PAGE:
Welll, turns out taciturn Stacey, whose thumb almost got cut off (and which she allowed she probably should have gotten stitches for), is a biker chick who was passing through town with her man, who was sitting over at the nearby table.

She was a decent pool player, and as I said didn’t say a whole lot, but we had a good game and I wish I could say it was her biker dude that threw me off at the end but it was really just me scratchin’ on the eight ball again.

After that I went down to Rose’s, one of the non-motel soaking pools. It’s a simple affair with an honor system payment arrangement, and it’s absolutely delightful,

 

I intruded on the solitude of a local organic beef rancher named Colleen who was a friendly and forthcoming interlocutor about a wide range of topics from local Montana politics to different trends nationally. It’s hard to do justice to our conversation in a short post, but Colleen had a measured optimistic outlook about the future even as she acknowledged she didn’t see a clear path ahead. Part of her optimism was simply based on the prospects of generational change but mostly it had to with a sense that in different ways and for different reasons people feel like the status quo does not and cannot work anymore.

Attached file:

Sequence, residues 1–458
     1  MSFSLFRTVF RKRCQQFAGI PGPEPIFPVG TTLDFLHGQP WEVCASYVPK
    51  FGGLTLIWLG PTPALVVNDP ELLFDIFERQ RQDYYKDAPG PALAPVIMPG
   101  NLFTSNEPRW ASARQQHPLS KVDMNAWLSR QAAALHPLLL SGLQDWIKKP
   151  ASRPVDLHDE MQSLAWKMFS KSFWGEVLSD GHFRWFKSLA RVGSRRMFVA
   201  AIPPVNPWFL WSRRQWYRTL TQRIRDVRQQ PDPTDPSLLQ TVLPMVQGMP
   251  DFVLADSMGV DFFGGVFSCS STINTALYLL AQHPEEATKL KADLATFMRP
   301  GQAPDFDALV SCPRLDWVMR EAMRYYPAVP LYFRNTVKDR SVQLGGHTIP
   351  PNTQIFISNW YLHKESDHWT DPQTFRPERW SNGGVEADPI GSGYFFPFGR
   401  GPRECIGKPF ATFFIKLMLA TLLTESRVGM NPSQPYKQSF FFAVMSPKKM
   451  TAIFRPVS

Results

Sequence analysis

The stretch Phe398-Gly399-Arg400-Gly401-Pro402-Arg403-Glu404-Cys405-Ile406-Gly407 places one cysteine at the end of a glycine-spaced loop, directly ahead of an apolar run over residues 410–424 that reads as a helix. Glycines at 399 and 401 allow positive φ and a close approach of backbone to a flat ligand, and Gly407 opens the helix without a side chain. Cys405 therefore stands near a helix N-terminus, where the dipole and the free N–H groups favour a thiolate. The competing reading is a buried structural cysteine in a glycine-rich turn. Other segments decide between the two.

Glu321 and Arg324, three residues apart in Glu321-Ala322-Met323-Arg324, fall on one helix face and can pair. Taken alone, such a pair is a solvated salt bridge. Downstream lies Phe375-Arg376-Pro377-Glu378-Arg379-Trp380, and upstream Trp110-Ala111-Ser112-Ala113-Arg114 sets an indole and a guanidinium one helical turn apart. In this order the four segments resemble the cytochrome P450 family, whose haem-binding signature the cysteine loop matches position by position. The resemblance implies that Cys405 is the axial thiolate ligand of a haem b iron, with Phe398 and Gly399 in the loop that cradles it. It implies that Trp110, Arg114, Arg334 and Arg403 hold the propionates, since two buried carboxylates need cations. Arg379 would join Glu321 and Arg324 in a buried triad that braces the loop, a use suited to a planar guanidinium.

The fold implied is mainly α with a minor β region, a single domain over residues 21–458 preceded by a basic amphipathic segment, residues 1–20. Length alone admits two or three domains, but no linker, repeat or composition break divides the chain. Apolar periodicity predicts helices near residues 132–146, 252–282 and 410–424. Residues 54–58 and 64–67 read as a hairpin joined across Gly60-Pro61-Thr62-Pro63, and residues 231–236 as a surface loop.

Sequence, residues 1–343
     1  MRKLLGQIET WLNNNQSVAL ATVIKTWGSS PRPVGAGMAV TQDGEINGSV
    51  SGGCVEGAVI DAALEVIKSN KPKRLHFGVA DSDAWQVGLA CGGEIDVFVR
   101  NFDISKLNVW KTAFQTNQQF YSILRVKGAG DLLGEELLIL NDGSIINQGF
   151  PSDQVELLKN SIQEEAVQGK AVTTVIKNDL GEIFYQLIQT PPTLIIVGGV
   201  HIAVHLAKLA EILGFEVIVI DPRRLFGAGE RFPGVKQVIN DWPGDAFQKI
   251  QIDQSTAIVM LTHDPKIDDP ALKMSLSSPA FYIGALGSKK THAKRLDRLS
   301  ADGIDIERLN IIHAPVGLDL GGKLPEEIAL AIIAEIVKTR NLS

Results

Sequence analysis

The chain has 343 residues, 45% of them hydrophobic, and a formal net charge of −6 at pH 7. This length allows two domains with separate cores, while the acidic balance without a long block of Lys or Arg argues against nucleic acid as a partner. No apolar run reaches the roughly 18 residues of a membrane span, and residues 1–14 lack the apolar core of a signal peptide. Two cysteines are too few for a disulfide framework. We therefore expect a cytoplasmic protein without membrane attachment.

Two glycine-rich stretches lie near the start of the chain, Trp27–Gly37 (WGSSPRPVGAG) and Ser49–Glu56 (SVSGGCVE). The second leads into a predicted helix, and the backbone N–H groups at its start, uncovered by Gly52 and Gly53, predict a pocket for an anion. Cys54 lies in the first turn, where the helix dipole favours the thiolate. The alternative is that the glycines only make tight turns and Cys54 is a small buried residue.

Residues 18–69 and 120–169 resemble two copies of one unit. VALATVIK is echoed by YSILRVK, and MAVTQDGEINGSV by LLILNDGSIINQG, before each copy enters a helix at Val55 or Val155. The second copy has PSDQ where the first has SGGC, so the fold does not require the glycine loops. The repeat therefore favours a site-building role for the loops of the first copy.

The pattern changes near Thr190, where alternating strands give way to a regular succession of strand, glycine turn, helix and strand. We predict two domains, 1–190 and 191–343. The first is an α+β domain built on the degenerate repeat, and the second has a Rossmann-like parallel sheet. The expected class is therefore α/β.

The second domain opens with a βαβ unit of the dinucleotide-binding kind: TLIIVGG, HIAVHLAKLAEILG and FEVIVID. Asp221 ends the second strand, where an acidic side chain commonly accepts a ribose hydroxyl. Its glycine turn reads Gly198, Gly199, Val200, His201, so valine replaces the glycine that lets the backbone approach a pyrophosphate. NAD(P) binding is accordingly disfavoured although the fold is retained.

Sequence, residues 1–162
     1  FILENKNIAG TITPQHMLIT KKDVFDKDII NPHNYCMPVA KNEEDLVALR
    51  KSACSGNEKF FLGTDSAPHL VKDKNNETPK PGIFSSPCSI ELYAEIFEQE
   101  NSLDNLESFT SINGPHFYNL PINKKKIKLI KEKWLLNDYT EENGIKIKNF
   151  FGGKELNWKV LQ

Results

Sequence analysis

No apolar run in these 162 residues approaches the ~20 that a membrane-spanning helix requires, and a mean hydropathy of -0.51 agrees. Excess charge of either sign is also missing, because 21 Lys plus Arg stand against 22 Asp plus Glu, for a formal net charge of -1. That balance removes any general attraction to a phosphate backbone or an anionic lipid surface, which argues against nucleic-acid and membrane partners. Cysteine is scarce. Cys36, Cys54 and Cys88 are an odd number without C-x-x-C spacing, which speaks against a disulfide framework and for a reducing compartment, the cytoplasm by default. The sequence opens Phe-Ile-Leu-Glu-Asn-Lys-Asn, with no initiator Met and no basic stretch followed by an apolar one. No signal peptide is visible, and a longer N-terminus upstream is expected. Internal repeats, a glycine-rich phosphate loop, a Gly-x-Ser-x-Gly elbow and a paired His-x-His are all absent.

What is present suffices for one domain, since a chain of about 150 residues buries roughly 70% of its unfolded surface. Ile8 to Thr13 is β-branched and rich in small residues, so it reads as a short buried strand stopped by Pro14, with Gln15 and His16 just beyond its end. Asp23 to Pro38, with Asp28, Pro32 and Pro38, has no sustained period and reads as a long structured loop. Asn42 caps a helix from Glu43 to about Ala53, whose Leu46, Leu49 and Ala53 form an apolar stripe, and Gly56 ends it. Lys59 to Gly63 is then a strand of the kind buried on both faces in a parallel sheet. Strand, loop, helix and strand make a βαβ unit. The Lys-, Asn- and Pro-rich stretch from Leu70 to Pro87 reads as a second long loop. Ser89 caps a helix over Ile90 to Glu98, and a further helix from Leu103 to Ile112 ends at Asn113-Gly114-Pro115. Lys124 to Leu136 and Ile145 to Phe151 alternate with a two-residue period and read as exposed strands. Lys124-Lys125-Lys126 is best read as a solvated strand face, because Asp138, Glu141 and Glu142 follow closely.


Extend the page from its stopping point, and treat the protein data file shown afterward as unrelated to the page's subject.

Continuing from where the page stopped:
She says people are looking for change and are making small changes in their lives (the increasing concern about food safety and the embrace of small-scale local suppliers and organic producers being one example), but it hasn’t yet added up to a coherent push for a new direction. Right now, it’s more of a mood (always a tricky thing to generalize about; cf. Brooks, David and Friedman, Thomas) and a receptivity to a new approach. But it seems like we are still too stuck in existing patterns for this election to tap into or mobilize this amorphous sensibility.